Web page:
Filing 7

ORDER granting 6 Motion for Leave to Proceed in forma pauperis. ; REPORT AND RECOMMENDATION it is RECOMMENDED that Plaintiff's complaint be DISMISSED WITHOUT PREJUDICE for failure to state a claim. Ordered by US MAGISTRATE JUDGE CHARLES H WEIGLE on 03/24/2024. (elp)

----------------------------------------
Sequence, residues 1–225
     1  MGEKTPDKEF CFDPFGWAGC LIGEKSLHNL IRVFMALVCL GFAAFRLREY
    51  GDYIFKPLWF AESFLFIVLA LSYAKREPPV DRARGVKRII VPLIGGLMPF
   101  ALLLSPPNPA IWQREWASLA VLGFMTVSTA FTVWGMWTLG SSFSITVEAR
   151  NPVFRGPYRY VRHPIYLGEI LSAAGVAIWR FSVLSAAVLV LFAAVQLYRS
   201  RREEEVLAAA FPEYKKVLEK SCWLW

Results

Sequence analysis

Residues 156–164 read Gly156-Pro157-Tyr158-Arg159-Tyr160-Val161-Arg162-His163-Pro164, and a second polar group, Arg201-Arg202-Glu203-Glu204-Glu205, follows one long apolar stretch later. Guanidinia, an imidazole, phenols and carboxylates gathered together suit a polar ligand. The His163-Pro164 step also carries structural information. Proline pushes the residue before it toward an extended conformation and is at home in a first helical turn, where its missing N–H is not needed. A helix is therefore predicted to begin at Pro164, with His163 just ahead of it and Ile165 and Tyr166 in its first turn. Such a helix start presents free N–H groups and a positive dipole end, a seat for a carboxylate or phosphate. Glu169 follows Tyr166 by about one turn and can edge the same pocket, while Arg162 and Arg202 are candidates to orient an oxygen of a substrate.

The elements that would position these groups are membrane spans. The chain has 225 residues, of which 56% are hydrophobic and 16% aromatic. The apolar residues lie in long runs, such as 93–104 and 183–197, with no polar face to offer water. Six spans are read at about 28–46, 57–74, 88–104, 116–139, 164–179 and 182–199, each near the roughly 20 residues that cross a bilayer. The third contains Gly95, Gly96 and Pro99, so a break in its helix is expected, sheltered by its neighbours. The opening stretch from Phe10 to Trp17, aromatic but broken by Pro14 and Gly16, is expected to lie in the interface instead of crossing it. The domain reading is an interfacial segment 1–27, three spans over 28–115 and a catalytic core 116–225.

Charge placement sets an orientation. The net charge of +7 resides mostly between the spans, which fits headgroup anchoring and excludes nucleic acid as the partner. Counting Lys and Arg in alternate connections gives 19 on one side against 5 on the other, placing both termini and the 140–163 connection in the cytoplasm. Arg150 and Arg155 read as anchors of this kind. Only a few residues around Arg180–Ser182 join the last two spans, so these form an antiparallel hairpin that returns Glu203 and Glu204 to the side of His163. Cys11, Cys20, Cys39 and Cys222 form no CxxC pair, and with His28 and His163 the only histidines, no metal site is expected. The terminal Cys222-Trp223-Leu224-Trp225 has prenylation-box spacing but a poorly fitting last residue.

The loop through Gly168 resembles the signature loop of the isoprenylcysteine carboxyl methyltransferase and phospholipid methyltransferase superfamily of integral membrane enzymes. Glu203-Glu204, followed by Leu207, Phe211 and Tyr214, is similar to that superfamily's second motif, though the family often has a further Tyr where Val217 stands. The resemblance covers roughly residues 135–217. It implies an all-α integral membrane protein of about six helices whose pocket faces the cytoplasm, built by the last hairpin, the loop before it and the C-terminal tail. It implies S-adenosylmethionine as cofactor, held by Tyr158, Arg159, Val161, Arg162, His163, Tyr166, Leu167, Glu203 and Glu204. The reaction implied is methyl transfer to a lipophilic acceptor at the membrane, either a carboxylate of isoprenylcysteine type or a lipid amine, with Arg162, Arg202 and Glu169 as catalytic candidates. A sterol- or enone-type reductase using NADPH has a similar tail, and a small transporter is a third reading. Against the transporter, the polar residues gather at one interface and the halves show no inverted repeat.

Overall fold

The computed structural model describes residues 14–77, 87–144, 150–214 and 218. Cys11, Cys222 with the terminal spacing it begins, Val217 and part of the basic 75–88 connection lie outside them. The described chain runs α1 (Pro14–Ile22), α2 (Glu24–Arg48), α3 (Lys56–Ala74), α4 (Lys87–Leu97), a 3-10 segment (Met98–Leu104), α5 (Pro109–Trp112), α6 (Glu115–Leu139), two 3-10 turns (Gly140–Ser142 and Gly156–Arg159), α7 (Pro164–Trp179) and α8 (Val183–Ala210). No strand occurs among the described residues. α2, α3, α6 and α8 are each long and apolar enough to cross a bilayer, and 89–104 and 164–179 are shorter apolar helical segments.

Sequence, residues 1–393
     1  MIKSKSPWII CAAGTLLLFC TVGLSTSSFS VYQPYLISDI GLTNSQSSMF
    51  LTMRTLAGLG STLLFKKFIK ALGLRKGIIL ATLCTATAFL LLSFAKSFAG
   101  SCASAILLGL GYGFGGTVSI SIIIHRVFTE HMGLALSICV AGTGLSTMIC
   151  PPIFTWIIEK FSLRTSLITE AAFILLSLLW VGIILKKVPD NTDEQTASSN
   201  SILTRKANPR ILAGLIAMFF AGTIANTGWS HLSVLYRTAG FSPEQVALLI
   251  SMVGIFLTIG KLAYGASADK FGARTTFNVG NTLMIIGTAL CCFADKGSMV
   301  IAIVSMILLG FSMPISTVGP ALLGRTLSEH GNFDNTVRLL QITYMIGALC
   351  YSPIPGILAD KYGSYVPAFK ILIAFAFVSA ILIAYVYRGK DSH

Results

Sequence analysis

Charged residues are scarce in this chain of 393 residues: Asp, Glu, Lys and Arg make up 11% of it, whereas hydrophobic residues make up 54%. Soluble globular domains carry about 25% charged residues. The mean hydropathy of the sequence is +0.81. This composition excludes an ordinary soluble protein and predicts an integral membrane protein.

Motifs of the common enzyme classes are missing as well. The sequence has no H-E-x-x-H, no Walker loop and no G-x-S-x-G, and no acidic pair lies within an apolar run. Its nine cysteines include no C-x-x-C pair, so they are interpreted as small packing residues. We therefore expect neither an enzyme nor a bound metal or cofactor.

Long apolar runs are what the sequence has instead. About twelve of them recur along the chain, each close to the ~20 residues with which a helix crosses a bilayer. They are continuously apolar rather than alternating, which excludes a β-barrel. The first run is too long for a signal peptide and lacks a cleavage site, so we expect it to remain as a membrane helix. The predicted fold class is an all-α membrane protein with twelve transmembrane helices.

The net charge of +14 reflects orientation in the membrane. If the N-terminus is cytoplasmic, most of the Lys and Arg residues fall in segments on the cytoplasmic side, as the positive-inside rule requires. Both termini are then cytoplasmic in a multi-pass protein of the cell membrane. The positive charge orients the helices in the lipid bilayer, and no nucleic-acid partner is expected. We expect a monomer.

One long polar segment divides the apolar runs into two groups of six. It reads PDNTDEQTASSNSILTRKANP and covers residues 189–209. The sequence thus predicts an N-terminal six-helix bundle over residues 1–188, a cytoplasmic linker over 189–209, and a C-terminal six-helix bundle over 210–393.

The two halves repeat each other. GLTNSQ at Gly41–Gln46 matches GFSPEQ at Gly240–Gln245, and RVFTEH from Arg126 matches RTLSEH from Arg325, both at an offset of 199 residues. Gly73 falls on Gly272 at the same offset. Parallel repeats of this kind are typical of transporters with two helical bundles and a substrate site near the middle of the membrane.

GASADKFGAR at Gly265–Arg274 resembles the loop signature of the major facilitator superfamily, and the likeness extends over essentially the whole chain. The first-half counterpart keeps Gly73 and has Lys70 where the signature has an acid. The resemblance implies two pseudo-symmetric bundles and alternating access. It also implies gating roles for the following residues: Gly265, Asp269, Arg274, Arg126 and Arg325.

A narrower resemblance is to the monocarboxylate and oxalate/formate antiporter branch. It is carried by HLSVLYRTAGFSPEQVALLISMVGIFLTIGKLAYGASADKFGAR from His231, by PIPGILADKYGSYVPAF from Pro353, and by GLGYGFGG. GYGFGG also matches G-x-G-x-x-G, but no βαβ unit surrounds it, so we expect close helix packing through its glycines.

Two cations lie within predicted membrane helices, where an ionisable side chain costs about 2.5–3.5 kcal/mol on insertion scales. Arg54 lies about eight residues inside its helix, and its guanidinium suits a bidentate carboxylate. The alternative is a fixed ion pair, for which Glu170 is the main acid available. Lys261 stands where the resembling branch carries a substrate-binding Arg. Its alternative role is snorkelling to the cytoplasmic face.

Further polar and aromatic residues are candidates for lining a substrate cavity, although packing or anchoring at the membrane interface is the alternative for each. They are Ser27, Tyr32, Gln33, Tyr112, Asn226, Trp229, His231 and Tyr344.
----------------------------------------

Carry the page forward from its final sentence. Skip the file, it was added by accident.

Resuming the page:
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IN THE UNITED STATES DISTRICT COURT FOR THE MIDDLE DISTRICT OF GEORGIA MACON DIVISION EARL ROACH, : : Plaintiff, : : V. : : WARDEN SHAWN EMMONS, : : Defendant. : _________________________________: NO. 5:24-cv-00032-MTT-CHW ORDER & RECOMMENDATION OF DISMISSAL Plaintiff Earl Roach, who is currently in the Charles D. Hudson Transitional Center in Lagrange, Georgia, has filed a pro se 42 U.S.C. § 1983 complaint relating to time he spent at the Georgia Diagnostic and Classification Prison in Jackson, Georgia. Compl., ECF No. 1. Plaintiff has also filed a motion for leave to proceed in this action in forma pauperis. Mot. for Leave to Proceed In Forma Pauperis, ECF No. 6. As set forth below, Plaintiff’s motion for leave to proceed in forma pauperis in this case is GRANTED, and it is RECOMMENDED that Plaintiff’s complaint be DISMISSED WITHOUT PREJUDICE for failure to state a claim. MOTION FOR LEAVE TO PROCEED IN FORMA PAUPERIS Any court of the United States may authorize the commencement of a civil action, without prepayment of the required filing fee (in forma pauperis), if the plaintiff shows that he is indigent and financially unable to pay the court’s filing fee. See 28 U.S.C. § 1915(a). A prisoner wishing to proceed under § 1915 must provide the district court with both (1) an affidavit in support of his claim of indigence, and (2) a certified copy of his prison “trust fund account statement (or institutional equivalent) for the 6-month period immediately preceding the filing of the complaint.” 28 U.S.C. § 1915(b). Pursuant to this provision, Plaintiff has moved for leave to proceed without prepayment of the $350.00 filing fee. Plaintiff submitted an unsigned account statement with a notation that the business office would not sign his forms. Attach. to Mot. 1, ECF No. 6-1. Plaintiff also submitted a transaction statement, but this document does not contain any information relating to the six months before he filed the complaint. Id. at 2. As it appears that Plaintiff attempted to file a complete motion but was prevented from doing so by the facility’s staff, his motion to proceed in forma pauperis is now GRANTED. Plaintiff is, however, still obligated to eventually pay the full balance of the filing fee, in installments, as set forth in § 1915(b) and explained below. The district court’s filing fee is not refundable, regardless of the outcome of the case, and must therefore be paid in full even if Plaintiff’s complaint is dismissed prior to service. For this reason, the CLERK is DIRECTED to forward a copy of this Order to the business manager of the facility in which Plaintiff is incarcerated so that withdrawals from his account may commence as payment towards the filing fee, as explained below. A. Directions to Plaintiff’s Custodian Because Plaintiff has now been granted leave to proceed in forma pauperis in the above-captioned case, it is hereby ORDERED that the warden of the institution wherein Plaintiff is incarcerated, or the Sheriff of any county wherein he is held in custody, and any successor custodians, each month cause to be remitted to the CLERK of this Court twenty 2 percent (20%) of the preceding month’s income credited to Plaintiff’s trust account at said institution until the $350.00 filing fee has been paid in full. The funds shall be collected and withheld by the prison account custodian who shall, on a monthly basis, forward the amount collected as payment towards the filing fee, provided the amount in the prisoner’s account exceeds $10.00. The custodian’s collection of payments shall continue until the entire fee has been collected, notwithstanding the dismissal of Plaintiff’s lawsuit or the granting of judgment against him prior to the collection of the full filing fee. B. Plaintiff’s Obligations Upon Release An individual’s release from prison does not excuse his prior noncompliance with the provisions of the PLRA. Thus, in the event Plaintiff is hereafter released from the custody of the State of Georgia or any county thereof, he shall remain obligated to pay those installments justified by the income to his prisoner trust account while he was still incarcerated. The Court hereby authorizes collection from Plaintiff of any balance due on these payments by any means permitted by law in the event Plaintiff is released from custody and fails to remit such payments. Plaintiff’s Complaint may be dismissed if he is able to make payments but fails to do so or if he otherwise fails to comply with the provisions of the PLRA. PRELIMINARY REVIEW OF PLAINTIFF’S COMPLAINT I. Standard of Review Because he has been granted leave to proceed in forma pauperis, Plaintiff’s complaint is now ripe for preliminary review. See 28 U.S.C. § 1915A(a) (requiring the screening of prisoner cases) & 28 U.S.C. § 1915(e) (regarding in forma pauperis 3 proceedings). When performing this review, the court must accept all factual allegations in the complaint as true. Brown v. Johnson, 387 F.3d 1344, 1347 (11th Cir. 2004). Pro se pleadings are also “held to a less stringent standard than pleadings drafted by attorneys,” and thus, pro se claims are “liberally construed.” Tannenbaum v. United States, 148 F.3d 1262, 1263 (11th Cir. 1998). Still, the Court must dismiss a prisoner complaint if it “(1) is frivolous, malicious, or fails to state a claim upon which relief may be granted; or (2) seeks monetary relief from a defendant who is immune from such relief.” 28 U.S.C. §1915A(b). A claim is frivolous if it “lacks an arguable basis either in law or in fact.” Miller v. Donald, 541 F.3d 1091, 1100 (11th Cir. 2008) (internal quotation marks omitted). The Court may dismiss claims that are based on “indisputably meritless legal” theories and “claims whose factual contentions are clearly baseless.” Id. (internal quotation marks omitted). A complaint fails to state a claim if it does not include “sufficient factual matter, accepted as true, to ‘state a claim to relief that is plausible on its face.’” Ashcroft v. Iqbal, 556 U.S. 662, 678 (2009) (quoting Bell Atl. Corp. v. Twombly, 550 U.S. 544, 570 (2007)). The factual allegations in a complaint “must be enough to raise a right to relief above the speculative level” and cannot “merely create[] a suspicion [of] a legally cognizable right of action.” Twombly, 550 U.S. at 555 (first alteration in original). In other words, the complaint must allege enough facts “to raise a reasonable expectation that discovery will reveal evidence” supporting a claim. Id. at 556. “Threadbare recitals of the elements of a cause of action, supported by mere conclusory statements, do not suffice.” Iqbal, 556 U.S. at 678. 4 To state a claim for relief under §1983, a plaintiff must allege that (1) an act or omission deprived him of a right, privilege, or immunity secured by the Constitution or a statute of the United States; and (2) the act or omission was committed by a person acting under color of state law. Hale v. Tallapoosa Cty, 50 F.3d 1579, 1582 (11th Cir. 1995). If a litigant cannot satisfy these requirements or fails to provide factual allegations in support of his claim or claims, the complaint is subject to dismissal. See Chappell v. Rich, 340 F.3d 1279, 1282-84 (11th Cir. 2003). II. Plaintiff’s Allegations In his complaint, Plaintiff asserts that he was a parolee being held in the Georgia Diagnostic and Classification Prison 1 from October 3, 2023, through November 4, 2023. Compl. 5, ECF No. 1. During that time, Plaintiff asserts that he was not allowed to go to the law library. Id. As a result of not going to the law library, Plaintiff says that he was unable “to file the necessary paperwork for [his] power of attorney,” causing him to lose his home, cars, boat, furniture, and clothing. Id. at 6. Plaintiff seeks monetary damages related to those items. III. Plaintiff’s Claim Plaintiff’s allegations implicate a potential claim for denial of access to the courts. To state a claim for the denial of right of access to the courts, a plaintiff must allege facts to show that he was denied access to the courts and that the denial of access resulted in an actual injury. See Lewis v. Casey, 518 U.S. 343, 349 (1996). Moreover, the injury must Plaintiff refers to the prison as Jackson State Prison. The state prison located in Jackson, Georgia, is the Georgia Diagnostic and Classification Prison. 1 5 relate to prospective or existing litigation, such as “being prevented from presenting claims” while “in the pursuit of specific types of nonfrivolous cases: direct or collateral attacks on sentences and challenges to conditions of confinement.” Wilson v. Blankenship, 162 F.3d 1284, 1290 & n.10 (11th Cir. 1998). Plaintiff does not assert any facts to show that he suffered the type of injury required for a denial of access to the courts claim. In particular, Plaintiff does not set forth any allegations showing that the lack of law library access inhibited Plaintiff from pursuing either an attack on his conviction or sentence or a case challenging the conditions of his confinement. Instead, Plaintiff contends that he was unable to complete power-of- attorney paperwork, and that, as a result, he was somehow deprived of various assets. Plaintiff does not explain why he needed to complete power-of-attorney paperwork, nor does he explain how his inability to do so caused him to lose any assets. Moreover, Plaintiff does not allege any facts showing that Warden Shawn Emmons, the only named defendant, was actually involved in preventing Plaintiff from going to the law library. Thus, Plaintiff’s allegations do not state a constitutional claim for denial of access to the courts, and it is therefore RECOMMENDED that this complaint be DISMISSED WITHOUT PREJUDICE. OBJECTIONS Pursuant to 28 U.S.C. § 636(b)(1), the parties may serve and file written objections to this order and recommendation with the United States District Judge to whom this case is assigned WITHIN FOURTEEN (14) DAYS after being served with a copy of this order and recommendation. The parties may seek an extension of time in which to file written 6 objections, provided a request for an extension is filed prior to the deadline for filing written objections. Any objection is limited in length to TWENTY (20) PAGES. See M.D. Ga. L.R. 7.4. Failure to object in accordance with the provisions of § 636(b)(1) waives the right to challenge on appeal the district judge’s order based on factual and legal conclusions to which no objection was timely made. See 11th Cir. R. 3-1. SO ORDERED and RECOMMENDED, this 27th day of March, 2024. s/ Charles H. Weigle Charles H. Weigle United States Magistrate Judge 7